Crossbow hunting making comeback

Just the basic measures of his buck – 15 points on its sweeping antlers, 10th-largest in the Pennsylvania record books – are impressive.

Even more striking is that Chris Jones killed his trophy at 10 yards with a crossbow, an ancient weapon whose reemergence is so recent that records of its use are scarce.

Even in deer hunting’s heyday a quarter- or half-century ago, when forests were teeming with whitetails, Pennsylvania was not known for producing great racks.

Those that did qualify for the prestigious Boone and Crockett Club’s Records of North American Big Game were invariably taken with shotguns or rifles at hundreds of yards.

“Chris’ deer was by far the biggest I’ve ever scored from Pennsylvania,” said Steve Keithley, a certified measurer in Dunkirk, Md., whose calculations resulted in a score of 197 inches, which was accepted for the all-time records category in June.

It was big enough to land Jones, pictured with his buck in November, on the cover of July’s North American Whitetail magazine.

Crossbows are making a stunning comeback. Demonized for centuries and not on anyone’s radar screen when bowhunting laws were written, they are now allowed in some form throughout most of the country.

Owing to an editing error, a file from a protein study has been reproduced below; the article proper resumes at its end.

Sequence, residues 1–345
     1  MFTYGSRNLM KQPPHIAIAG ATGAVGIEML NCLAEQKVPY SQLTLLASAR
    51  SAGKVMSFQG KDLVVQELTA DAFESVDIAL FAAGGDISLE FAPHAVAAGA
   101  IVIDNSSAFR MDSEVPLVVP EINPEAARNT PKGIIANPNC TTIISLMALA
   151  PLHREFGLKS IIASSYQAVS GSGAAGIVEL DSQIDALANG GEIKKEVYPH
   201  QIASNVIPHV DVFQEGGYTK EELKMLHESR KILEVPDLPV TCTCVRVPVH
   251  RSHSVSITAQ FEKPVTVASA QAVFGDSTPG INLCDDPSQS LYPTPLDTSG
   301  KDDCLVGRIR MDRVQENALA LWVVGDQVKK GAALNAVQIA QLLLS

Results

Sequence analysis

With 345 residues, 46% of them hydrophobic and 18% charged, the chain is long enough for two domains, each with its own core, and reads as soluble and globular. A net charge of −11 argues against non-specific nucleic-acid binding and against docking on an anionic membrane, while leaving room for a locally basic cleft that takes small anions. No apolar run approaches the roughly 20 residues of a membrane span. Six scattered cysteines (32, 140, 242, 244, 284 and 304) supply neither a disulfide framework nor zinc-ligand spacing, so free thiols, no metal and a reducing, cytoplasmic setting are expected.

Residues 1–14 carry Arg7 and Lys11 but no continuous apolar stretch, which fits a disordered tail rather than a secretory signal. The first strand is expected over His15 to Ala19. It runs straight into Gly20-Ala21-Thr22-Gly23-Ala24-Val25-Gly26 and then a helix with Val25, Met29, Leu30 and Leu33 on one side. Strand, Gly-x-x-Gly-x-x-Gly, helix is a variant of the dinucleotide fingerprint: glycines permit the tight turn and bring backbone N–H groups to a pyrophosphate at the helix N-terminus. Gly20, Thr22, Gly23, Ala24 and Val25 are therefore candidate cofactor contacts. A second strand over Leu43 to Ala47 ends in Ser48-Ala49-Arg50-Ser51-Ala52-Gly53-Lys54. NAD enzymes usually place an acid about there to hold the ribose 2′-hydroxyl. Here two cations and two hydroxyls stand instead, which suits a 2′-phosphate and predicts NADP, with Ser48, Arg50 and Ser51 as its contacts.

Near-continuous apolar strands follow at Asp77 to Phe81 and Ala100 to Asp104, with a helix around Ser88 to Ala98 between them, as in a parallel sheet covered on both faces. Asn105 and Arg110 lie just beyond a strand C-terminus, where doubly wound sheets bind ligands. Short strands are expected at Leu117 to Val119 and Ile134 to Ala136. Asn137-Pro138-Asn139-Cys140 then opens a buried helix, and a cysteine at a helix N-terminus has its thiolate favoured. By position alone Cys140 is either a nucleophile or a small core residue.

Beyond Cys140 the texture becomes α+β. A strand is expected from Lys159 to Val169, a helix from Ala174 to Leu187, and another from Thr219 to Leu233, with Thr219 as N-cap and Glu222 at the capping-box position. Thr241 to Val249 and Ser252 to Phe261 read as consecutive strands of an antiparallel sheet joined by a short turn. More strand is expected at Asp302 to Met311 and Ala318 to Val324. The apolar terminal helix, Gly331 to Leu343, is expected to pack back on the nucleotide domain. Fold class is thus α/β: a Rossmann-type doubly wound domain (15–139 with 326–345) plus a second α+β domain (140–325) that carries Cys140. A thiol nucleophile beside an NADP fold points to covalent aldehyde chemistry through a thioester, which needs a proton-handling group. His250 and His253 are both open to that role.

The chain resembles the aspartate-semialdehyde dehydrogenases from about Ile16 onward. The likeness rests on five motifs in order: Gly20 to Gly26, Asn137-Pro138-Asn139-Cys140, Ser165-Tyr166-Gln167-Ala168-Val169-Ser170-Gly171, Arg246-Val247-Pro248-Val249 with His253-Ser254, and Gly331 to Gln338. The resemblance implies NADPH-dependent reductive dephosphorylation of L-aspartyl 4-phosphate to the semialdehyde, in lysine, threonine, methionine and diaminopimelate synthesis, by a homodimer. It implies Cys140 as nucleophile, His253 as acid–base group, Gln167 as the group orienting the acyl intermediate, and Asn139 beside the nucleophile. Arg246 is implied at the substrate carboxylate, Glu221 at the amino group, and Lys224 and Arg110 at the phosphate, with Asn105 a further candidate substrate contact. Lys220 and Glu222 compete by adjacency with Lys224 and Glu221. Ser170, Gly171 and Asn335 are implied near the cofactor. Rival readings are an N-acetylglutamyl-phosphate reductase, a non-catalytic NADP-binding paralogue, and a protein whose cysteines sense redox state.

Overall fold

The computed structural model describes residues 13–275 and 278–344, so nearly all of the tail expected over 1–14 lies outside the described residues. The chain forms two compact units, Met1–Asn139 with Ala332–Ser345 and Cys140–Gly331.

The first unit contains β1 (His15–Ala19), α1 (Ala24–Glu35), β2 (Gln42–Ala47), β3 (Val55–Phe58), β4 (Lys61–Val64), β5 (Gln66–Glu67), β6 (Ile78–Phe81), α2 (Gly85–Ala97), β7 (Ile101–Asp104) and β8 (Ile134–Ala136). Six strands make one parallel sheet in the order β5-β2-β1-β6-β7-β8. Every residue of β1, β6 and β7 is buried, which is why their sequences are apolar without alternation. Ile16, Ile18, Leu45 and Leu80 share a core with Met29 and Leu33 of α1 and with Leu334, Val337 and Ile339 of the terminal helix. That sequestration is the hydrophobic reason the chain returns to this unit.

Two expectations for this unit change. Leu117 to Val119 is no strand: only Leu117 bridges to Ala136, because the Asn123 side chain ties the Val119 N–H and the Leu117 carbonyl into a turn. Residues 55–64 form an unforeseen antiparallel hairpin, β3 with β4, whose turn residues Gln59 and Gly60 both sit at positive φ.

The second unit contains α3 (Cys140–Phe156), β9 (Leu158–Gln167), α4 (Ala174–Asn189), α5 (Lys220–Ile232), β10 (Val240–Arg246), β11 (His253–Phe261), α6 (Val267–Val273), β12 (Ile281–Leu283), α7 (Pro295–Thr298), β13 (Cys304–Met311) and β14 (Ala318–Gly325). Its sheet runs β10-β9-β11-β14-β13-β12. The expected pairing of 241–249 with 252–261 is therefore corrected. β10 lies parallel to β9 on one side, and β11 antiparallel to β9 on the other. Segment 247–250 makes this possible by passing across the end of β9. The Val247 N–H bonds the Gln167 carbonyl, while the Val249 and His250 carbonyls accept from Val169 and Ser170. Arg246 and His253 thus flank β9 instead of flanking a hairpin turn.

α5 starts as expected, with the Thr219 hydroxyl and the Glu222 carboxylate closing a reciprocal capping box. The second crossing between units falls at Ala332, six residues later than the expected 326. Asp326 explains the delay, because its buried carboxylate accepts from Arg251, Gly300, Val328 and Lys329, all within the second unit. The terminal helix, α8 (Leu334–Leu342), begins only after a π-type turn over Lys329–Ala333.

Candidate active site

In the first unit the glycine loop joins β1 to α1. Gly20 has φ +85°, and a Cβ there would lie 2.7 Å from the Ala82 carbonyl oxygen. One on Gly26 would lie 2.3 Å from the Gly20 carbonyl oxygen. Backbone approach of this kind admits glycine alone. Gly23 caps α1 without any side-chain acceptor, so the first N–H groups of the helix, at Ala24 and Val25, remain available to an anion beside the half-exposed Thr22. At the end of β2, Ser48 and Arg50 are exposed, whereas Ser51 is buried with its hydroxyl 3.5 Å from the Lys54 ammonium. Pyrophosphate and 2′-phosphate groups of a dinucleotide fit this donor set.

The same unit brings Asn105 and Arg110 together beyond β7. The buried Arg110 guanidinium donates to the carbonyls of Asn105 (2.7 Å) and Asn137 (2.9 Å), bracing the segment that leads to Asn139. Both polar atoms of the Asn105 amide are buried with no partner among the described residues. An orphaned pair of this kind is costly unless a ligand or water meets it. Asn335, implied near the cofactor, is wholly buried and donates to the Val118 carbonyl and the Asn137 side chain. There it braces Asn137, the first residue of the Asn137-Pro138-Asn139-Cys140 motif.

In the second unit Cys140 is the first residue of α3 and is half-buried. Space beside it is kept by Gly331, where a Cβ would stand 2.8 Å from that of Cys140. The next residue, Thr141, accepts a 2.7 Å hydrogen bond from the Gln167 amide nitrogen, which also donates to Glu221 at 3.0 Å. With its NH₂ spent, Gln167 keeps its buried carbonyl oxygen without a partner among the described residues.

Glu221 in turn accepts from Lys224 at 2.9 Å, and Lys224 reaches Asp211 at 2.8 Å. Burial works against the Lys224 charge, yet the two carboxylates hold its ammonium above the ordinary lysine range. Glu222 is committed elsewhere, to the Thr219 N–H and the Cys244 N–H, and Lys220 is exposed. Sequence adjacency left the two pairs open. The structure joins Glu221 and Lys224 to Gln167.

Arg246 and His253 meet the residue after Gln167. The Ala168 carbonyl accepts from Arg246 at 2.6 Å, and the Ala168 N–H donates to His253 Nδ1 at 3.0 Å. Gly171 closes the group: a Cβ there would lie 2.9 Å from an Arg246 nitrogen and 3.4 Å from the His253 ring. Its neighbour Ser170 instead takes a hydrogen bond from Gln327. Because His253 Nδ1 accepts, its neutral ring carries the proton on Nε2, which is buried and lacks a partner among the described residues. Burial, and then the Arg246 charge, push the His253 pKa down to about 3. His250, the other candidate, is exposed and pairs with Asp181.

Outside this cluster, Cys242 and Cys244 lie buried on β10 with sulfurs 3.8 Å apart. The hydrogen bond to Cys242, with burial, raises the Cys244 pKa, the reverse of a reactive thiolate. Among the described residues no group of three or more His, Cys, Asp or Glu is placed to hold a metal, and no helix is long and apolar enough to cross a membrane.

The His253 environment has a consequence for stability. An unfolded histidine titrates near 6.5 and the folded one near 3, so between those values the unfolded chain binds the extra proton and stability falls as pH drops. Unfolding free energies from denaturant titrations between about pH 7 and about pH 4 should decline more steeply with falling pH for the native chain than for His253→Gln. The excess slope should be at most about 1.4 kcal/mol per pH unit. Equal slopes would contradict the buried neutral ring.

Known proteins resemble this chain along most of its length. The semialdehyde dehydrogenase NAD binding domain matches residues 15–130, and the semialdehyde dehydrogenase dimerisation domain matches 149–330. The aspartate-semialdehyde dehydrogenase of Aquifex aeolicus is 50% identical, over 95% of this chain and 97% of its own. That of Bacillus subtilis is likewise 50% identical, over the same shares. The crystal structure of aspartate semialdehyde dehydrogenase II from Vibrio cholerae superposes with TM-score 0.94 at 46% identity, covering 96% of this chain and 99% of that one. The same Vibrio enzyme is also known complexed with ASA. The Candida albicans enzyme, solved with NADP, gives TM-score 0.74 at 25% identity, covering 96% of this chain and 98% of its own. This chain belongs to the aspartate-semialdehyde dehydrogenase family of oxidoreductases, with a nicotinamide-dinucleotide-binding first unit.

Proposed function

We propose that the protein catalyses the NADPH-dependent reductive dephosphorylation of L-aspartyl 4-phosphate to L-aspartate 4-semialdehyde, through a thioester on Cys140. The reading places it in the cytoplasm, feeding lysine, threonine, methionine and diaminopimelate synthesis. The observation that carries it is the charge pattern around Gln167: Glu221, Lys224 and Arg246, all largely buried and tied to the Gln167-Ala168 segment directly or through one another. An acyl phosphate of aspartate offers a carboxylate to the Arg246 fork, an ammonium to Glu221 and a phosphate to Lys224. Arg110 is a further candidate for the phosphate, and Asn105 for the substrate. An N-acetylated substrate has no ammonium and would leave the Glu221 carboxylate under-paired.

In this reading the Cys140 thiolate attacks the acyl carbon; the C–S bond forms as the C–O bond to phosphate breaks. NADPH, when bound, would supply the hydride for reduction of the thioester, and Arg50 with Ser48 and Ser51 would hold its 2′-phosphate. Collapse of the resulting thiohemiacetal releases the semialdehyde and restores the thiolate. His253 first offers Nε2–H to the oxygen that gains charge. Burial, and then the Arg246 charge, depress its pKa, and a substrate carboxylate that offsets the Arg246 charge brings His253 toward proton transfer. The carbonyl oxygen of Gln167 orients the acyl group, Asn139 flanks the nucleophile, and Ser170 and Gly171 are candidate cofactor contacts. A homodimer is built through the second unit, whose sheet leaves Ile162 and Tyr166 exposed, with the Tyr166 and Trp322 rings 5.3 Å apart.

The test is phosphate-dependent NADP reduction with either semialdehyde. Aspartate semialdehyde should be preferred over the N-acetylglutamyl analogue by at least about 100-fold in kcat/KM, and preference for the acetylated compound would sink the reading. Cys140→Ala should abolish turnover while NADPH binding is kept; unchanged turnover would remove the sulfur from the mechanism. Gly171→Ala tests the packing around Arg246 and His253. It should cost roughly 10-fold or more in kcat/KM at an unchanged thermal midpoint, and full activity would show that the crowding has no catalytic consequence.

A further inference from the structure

Crossbows are sometimes called “horizontal” bows because of their shooting position. They are easier to use than traditional “vertical” bows and require far less practice.

A decade after many states permitted crossbows for disabled hunters who have difficulty drawing and holding traditional bows, the industry believed it could expand in what it saw as a huge market of aging hunters.

It began lobbying to permit the use of crossbows during archery seasons, which are lengthy because success with a handheld bow takes time.

Despite opposition from traditional bowhunter groups, at least eight states now allow crossbows in all seasons.

Several others are considering it. Inability to keep up with demand, said Daniel James Hendricks, publisher of Horizontal Bowhunter magazine, is the manufacturers’ greatest fear.

Jones tried a crossbow three years ago, when Pennsylvania relaxed restrictions for December’s two-week rifle season. Last fall, the state allowed crossbows during all seasons in hard-to-hunt urban counties, where deer managers have been unable to stem the herd’s growth.

“People that have never seen guns and hunters before are moving out here, and they don’t like it,” said Jones, who lives in Audubon. “I think crossbows are a good compromise for places that don’t want the noise, don’t want the danger of a gun.”

The buck Jones killed Nov. 8 most likely is the biggest ever taken with a crossbow statewide. It is impossible to know for sure because the type of weapon has never been key to record-keeping.